servers (feeding image to clients below), possibly caching whole images
along the way. This would be particularly useful in Emulab where we
could have dedicated image servers, one per control network switch,
both taking the load off boss and the firewall through which all data
would normally pass.
[ A large part of this has already been done by Kevin long ago. ]
3. Differential images.
For efficient creation and storage of custom disk images. Do the
Hash Thing to build "delta" images. Optionally, recombine with parent
image off-line. Look at image repository work of those Swiss folks.
[ The "hash thing" was done by Mike and Prashanth. ]
4. Client/server authentication and image integrity/confidentiality.
Right now we are pretty feeble. If a client knows the addr/port,
it can download any image. The server responds to any request it
receives on a valid addr/port. Likewise, a client believes pretty
much any reply it gets. It does one optional check of the IP source addr,
but that would not prevent a single client instance from getting blocks
from different images or different versions of the same image (the
latter is the more likely concern). We need to use cryptographic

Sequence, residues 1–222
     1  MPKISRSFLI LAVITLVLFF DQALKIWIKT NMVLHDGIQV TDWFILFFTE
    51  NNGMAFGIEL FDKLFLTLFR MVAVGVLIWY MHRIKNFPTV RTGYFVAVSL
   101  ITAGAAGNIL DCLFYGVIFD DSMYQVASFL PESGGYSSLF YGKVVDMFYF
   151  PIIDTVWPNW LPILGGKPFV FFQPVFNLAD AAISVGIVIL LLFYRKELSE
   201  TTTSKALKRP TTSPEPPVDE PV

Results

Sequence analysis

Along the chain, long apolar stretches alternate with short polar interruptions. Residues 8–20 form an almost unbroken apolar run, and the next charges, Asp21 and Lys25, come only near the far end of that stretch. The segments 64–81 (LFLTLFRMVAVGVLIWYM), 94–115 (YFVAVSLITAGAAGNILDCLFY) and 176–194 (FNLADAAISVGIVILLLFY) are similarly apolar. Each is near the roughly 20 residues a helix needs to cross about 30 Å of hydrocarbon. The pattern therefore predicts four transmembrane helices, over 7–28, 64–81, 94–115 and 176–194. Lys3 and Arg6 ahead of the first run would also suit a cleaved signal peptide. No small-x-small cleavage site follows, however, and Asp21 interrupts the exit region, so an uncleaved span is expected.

techniques for authentication, integrity and confidentiality.
[ This has largely been done by Rob and Jon. See:
http://www.cs.utah.edu/flux/papers/frisbeesec-cset08-base.html ]
5. Re-tuning and self-tuning. The world has changed in the last decade
(see #0 above). Perform a thorough evaluation. Come up with at least
a set of static configs or guidelines for various environments. Better
yet, can we make the frisbee protocol dynamically self-tuning for a diverse
range of environments.
6. Multi-thread the server.
I have observed instances where the server takes 0.25 seconds or longer
to do a disk read. This triggers timeouts in clients (since the server
isn't sending anything while reading from the disk) resulting in excess
traffic.
7. Image disk device.
Allow off-line read-only access to the contents of images. Similar
to "vn" device: you associate an "ndz" disk with an image file and
can then mount the FSes in the image. Could maybe allow read-write
access as well. Updating an image file would be like updating a
tar file, we just append updated chunks at the end of the image,
at installation time, the new chunks would overwrite the original
ones. This item is mostly fluff, but I think I had a need for it
once upon a time.
8. The image pool.
This is somewhat a combination of other aspects. This is motivated
by our Emulab environment where we have lots of machines with CD ROM
drives. The idea is to have a CD-ROM chock-full-o-images that frisbee
can use, in preference to loading from the network, to reload a disk.
The simple approach is to just put as many common images as possible